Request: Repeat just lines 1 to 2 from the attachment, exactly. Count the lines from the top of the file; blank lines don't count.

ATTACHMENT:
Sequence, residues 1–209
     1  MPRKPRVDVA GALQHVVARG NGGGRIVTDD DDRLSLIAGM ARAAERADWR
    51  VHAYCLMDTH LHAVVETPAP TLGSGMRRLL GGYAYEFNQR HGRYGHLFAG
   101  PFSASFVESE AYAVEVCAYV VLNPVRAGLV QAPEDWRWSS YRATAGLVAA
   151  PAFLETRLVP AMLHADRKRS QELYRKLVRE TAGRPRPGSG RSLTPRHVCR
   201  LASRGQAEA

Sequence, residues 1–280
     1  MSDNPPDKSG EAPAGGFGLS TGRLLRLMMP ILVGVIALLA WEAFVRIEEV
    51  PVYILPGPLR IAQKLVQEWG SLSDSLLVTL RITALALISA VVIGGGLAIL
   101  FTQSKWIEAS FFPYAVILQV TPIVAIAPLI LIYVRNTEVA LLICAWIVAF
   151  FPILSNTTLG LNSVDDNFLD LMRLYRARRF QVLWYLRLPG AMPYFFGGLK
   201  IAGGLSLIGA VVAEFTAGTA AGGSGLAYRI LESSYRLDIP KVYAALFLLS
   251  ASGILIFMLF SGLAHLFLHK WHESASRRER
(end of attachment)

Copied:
Sequence, residues 1–209
     1  MPRKPRVDVA GALQHVVARG NGGGRIVTDD DDRLSLIAGM ARAAERADWR